Hong Kong Official Defends Police’s Use of Force Against Protesters

HONG KONG — Hong Kong’s top security official on Wednesday defended the police’s hotly criticized use of tear gas and pepper spray against protesters last week, saying that officers had been in a “life-threatening situation.”

The protest on June 12 was one of three major demonstrations in recent days against a bill that would allow extraditions to mainland China. On that day, tens of thousands of mostly young people blocked a highway near Hong Kong’s Legislative Council, preventing lawmakers from entering the building to debate the bill, which has since been suspended.

After a small number of protesters stormed barricades outside the complex, hurling bricks and other objects at the police, officers fired tear gas, rubber bullets and pepper spray into what had been a mostly peaceful crowd, clearing the area of demonstrators.

Video has since circulated of the police using what appeared to be excessive force against unarmed protesters, including a young woman who was beaten while curled up on the ground.

On Wednesday, Hong Kong’s security secretary, John Lee Ka-chiu, speaking at the Legislative Council’s first meeting since the protests last week, said the police had adopted a “tolerant” attitude on June 12 until protesters “violently” attacked them. “In a life-threatening situation, the police used necessary force,” he said.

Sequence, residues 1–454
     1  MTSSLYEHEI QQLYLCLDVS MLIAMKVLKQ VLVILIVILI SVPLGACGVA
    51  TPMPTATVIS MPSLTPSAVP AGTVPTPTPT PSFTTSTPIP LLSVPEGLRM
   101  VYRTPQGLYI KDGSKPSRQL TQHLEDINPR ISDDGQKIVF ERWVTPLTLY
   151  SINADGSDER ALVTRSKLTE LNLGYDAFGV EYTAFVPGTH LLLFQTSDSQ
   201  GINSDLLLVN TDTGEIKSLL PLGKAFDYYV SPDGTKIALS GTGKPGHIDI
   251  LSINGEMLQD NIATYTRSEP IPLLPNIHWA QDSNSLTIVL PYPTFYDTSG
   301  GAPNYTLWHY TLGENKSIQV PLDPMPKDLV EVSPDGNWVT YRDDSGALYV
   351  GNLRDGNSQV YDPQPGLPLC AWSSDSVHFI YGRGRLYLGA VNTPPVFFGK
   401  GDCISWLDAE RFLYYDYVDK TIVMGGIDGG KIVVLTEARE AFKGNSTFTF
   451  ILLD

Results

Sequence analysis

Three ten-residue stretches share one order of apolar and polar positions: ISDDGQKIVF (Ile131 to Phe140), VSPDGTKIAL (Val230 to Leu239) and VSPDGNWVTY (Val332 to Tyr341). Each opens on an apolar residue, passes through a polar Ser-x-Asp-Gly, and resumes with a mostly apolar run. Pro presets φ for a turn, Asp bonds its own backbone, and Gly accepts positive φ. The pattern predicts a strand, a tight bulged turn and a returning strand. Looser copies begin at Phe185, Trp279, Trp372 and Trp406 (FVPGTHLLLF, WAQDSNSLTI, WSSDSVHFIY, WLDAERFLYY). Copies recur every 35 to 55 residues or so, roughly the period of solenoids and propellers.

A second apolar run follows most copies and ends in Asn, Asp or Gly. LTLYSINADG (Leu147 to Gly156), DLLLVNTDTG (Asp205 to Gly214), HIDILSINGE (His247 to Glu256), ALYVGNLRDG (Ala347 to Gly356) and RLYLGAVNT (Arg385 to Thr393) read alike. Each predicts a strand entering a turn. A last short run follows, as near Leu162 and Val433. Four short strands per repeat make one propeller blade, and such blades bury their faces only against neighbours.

Mr. Lee immediately faced a barrage of criticism from the pro-democracy lawmakers who hold a minority of the Legislative Council’s seats. One, Charles Peter Mok Nai-kwong, said Mr. Lee had tried to justify violent police behavior.

ImageCarrie Lam, Hong Kong’s chief executive, before apologizing on Tuesday for her handling of the contentious extradition bill.
CreditLam Yik Fei for The New York Times

“Everything you have said today is polarizing the people,” he said. “You are the one that’s heating things up right now.” Some pro-democracy legislators, wearing black in solidarity with the protesters, chanted for Mr. Lee’s resignation.


Junius Ho, a lawmaker in the pro-Beijing majority bloc, supported the police’s actions and said the protesters’ demands should be resisted, including the dropping of all charges against demonstrators. “They want blood, they want heads to roll,” Mr. Ho said. “We cannot back down!”

Dozens of people were injured during the June 12 protest, and 32 people were arrested, five of them on charges of rioting, which can carry substantial prison sentences. On Wednesday, the authorities said they had dropped charges against eight people who had been arrested for loitering.

The police’s use of force on June 12 became a central issue in the latest major protest against the extradition bill, on Sunday, which drew as many as two million people into the city’s streets, according to protest organizers. Many of the signs and chants at that march condemned the police for attacking Hong Kongers.